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Dementia and Mortality, America’s Silent Killer

If there is one thing that most elderly citizens fret, it is suffering from dementia. For many years, this condition that causes brain functions and memory loss has been classified as a nonfatal disease. Still, according to a study conducted by Boston University, dementia could be more fatal than we thought.

The Boston University study has shown that dementia could be the underlying cause of death in most patients. The researchers estimate is 13.6 percent and not 5 percent as it has been witnessed nationally. According to the lead study author, Dr. Andrew Stokes, it is important to have a proper understanding as to what people die so that priorities can be set and resource allocation can be done appropriately.

When it comes to dementia, getting an accurate number of deaths is a bit challenging. Why? Firstly, there are no routine tests conducted on dementia patients during primary care, and secondly, there is stigma. The research results have also shown that the mortality burden of dementia is greater than what is in the public domain. This only means one thing: there is a need to expand on how dementia can be prevented and how patients can be cared for properly.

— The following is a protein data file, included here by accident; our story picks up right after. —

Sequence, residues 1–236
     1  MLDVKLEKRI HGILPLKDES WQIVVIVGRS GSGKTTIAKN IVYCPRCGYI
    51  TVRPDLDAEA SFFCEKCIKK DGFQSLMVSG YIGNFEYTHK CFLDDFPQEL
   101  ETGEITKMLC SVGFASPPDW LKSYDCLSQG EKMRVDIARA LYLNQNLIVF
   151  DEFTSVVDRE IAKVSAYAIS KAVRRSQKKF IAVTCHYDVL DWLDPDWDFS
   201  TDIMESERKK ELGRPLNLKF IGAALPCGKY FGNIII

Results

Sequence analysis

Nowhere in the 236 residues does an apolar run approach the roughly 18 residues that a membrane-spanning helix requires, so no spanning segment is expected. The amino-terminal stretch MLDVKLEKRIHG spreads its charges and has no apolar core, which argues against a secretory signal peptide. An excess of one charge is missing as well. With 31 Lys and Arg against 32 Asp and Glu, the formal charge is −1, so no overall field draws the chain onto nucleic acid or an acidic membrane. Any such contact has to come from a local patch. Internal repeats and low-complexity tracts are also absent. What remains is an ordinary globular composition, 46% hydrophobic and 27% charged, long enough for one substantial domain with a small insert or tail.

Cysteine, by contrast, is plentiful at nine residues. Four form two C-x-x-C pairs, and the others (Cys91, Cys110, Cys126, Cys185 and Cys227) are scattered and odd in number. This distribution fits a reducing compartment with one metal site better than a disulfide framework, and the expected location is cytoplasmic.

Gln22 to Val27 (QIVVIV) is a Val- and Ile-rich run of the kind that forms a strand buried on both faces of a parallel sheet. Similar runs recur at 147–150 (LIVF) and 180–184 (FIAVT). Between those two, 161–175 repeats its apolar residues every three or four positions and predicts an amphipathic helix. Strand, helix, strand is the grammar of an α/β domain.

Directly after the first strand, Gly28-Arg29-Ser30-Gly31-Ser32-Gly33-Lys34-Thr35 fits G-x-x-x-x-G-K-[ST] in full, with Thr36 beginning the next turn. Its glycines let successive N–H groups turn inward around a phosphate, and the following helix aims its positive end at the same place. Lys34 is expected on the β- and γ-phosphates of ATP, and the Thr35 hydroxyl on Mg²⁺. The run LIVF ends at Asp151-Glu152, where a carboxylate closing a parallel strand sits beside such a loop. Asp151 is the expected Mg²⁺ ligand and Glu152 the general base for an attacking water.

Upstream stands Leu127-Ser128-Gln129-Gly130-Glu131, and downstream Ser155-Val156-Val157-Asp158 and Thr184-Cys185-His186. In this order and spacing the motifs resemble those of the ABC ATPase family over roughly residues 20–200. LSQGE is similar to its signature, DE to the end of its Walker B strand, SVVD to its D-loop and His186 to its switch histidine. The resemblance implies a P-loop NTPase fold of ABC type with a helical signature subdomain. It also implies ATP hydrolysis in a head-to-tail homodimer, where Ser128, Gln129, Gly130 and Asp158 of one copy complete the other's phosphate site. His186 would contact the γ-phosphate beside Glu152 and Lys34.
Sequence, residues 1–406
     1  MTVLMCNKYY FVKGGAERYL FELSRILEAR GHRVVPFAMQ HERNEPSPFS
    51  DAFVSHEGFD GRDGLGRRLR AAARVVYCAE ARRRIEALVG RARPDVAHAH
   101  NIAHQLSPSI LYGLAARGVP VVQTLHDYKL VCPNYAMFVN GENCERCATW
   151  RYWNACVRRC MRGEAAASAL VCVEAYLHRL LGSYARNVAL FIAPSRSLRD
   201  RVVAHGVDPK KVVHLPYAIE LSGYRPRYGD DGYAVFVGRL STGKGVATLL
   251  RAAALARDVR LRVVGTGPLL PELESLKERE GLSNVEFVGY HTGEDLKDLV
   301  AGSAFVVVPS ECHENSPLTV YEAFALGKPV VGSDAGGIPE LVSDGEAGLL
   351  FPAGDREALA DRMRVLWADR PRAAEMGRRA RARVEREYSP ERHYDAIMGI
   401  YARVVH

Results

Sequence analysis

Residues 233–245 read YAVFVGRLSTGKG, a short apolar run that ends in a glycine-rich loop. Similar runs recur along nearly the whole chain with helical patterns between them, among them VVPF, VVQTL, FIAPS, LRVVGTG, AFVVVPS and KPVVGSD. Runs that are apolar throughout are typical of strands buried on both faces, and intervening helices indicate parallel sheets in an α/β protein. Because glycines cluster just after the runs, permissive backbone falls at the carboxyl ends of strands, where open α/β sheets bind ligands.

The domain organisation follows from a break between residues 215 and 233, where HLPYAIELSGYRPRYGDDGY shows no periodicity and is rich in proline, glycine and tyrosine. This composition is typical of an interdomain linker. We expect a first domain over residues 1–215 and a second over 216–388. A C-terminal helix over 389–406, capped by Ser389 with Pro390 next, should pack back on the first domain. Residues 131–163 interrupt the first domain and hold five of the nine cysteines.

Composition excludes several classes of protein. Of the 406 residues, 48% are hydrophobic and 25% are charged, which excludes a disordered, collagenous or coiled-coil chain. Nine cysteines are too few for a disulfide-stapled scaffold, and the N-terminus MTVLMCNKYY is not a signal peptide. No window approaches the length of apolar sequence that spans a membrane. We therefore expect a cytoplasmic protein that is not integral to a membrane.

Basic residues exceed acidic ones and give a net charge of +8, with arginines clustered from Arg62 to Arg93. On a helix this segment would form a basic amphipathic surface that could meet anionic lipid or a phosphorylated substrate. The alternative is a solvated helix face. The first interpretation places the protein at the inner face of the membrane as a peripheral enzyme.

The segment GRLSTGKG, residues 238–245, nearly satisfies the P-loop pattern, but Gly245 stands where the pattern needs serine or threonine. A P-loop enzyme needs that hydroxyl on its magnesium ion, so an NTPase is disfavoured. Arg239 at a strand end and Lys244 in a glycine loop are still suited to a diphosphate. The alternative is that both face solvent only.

The research did not only dwell on the numbers but also looked at persons’ susceptibility in terms of ethnicity. This is unfortunate, but the Boston study has revealed that dementia related deaths among the Hispanics and African Americans are rarely recorded compared to those of their Caucasian counterparts. What are the actual figures, according to this study?

2.3 older Caucasians die due to dementia-related deaths

7.1 more African Americans die due to dementia-related deaths

4.1 older Hispanics also die due to dementia-related deaths

Apart from the figures above, it should be noted that dementia-related deaths among men are rarely reported.

There is a major problem because underestimating dementia deaths among minority ethnicities means that resources need to be realigned to cater to dementia patients among blacks and Hispanics.

During this study, 7,342 older adults living in nursing homes participated.

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